"Nurses are playing an increasingly important role in the delivery of health care, and Duke's School of Nursing has a strong tradition of preparing both outstanding clinicians and nurse scientists who can lead innovations for the future," said School of Nursing Dean Catherine Gilliss. "The Bovenders' support recognizes the contributions of nursing and will help us continue to lead."
Jack Bovender earned a bachelor's degree in psychology in 1967 and a master's degree in hospital administration in 1969, both from Duke. He began his career in hospital administration in 1969 as a U.S. Navy lieutenant stationed at the Naval Regional Medical Center in Portsmouth, Va. He worked in the health care industry for 40 years before retiring in 2009 as chair and chief executive officer of Hospital Corporation of America (HCA), which owns and operates 164 hospitals and 106 freestanding surgery centers in the United States and Great Britain.
Institutional Investor magazine named Bovender the "Best CEO in America" for health care facilities in 2003, 2004 and 2005; in 2007, he received the American College of Healthcare Executives' Gold Medal Award for his career-long contributions to the health care professions. He also received in 2007 the Woodrow Wilson Award for Corporate Citizenship from the Smithsonian Institution's Woodrow Wilson International Center for Scholars, given to executives who have worked to improve the quality of life for people in their own neighborhoods and far beyond.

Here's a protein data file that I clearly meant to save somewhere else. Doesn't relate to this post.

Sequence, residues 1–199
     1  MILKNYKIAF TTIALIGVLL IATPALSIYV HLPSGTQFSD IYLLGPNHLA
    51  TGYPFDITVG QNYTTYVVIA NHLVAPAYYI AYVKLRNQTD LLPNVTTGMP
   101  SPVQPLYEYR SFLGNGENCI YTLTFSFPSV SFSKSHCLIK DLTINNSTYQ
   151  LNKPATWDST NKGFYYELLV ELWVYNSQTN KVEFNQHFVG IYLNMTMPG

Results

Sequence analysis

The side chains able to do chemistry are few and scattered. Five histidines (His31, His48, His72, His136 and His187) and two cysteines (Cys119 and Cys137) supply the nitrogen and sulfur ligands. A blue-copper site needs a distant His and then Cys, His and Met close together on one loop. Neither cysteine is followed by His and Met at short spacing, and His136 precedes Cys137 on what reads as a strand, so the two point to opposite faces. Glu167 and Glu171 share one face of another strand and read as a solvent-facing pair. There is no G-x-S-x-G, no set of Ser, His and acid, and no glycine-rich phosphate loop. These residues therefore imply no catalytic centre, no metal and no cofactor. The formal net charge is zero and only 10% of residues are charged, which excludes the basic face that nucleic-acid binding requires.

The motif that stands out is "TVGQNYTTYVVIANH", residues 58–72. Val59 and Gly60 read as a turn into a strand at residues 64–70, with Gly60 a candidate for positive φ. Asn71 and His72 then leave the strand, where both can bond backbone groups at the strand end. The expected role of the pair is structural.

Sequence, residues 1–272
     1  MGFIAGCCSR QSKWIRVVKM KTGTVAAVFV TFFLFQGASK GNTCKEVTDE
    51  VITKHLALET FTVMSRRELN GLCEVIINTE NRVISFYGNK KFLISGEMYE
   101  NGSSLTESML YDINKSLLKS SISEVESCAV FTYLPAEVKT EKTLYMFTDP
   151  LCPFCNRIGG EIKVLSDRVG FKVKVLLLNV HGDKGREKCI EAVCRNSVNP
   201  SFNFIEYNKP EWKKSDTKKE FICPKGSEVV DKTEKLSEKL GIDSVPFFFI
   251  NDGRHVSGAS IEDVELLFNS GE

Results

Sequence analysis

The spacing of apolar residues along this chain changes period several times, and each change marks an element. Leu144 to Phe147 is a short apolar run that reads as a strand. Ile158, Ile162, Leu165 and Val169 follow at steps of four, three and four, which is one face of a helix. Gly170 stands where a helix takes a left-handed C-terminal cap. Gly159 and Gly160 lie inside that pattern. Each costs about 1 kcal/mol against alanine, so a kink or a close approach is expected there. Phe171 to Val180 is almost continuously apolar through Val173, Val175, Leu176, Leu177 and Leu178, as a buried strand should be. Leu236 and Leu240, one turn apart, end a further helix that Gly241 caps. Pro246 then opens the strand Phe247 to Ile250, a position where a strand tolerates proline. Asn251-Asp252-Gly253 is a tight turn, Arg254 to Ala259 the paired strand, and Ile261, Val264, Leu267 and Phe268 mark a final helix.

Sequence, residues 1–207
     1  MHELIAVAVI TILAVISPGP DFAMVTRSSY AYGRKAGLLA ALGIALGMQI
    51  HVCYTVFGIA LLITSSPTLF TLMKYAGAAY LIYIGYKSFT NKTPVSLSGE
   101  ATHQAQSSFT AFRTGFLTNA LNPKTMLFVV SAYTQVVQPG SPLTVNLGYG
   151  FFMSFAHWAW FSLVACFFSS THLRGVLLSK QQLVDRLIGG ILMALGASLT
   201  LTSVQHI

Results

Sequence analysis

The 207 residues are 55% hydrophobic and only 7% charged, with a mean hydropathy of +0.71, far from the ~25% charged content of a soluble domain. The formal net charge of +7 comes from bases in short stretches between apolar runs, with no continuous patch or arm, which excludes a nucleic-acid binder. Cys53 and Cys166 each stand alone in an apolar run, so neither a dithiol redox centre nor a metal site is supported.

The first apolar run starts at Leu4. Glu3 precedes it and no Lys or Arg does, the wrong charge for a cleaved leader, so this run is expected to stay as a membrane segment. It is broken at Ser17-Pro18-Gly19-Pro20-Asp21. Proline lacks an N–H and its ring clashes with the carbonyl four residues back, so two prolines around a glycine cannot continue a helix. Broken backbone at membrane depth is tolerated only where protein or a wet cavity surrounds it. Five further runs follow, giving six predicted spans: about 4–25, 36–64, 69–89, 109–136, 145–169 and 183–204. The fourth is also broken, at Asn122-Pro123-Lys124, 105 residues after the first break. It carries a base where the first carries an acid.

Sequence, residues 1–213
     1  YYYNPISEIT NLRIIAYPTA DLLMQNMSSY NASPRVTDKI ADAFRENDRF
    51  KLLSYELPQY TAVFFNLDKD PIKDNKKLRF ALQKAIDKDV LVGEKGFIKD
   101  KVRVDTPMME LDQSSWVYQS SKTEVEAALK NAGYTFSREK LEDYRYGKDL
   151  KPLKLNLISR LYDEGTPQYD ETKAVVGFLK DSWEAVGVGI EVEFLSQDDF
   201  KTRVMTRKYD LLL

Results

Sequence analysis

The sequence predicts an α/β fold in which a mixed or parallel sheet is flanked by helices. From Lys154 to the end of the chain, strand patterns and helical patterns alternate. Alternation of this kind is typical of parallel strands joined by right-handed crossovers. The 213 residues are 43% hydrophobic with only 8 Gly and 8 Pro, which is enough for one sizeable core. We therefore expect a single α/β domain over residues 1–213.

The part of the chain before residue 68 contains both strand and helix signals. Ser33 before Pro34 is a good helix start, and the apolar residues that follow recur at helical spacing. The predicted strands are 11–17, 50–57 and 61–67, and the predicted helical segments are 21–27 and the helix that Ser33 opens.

"Duke has played an important role in my life, and I've stayed connected to the university since graduation," Bovender said. "It's rare for a single university to be able to offer a world-class education in the liberal arts, in business and in the delivery of quality health care. Supporting Duke through this bequest is a way to give back to the university that provided me with such a strong educational foundation. Through this gift, Barbara and I want to help pave the way for future students to take advantage of all that Duke has to offer."
Jack Bovender has been a member of the Duke Board of Trustees since 2007. In addition to being the board's current vice chair, he is a member of its executive committee, chair of its audit committee and vice chair of its business and finance committee. He also sits on Fuqua's Board of Visitors, and is a former member of the Divinity School Board of Visitors, former chair of the Divinity School's Capital Campaign Committee, and former member of the Duke Annual Fund's Executive Committee.
The Bovenders have a long history of supporting Duke, including the establishment of scholarships for minority students in the HSM program. Bovender Terrace, outside the Divinity School's Refectory Cafe, was named for Jack Bovender in recognition of a gift HCA made in his honor to support construction of the school's 2005 addition -- the Westbrook Building.
Bovender was born in Winston-Salem, N.C. Both he and Barbara attended high school in King, a town in Stokes County, North Carolina. Today, they live in Nashville. Their son Richard received an MBA from Fuqua in 2008.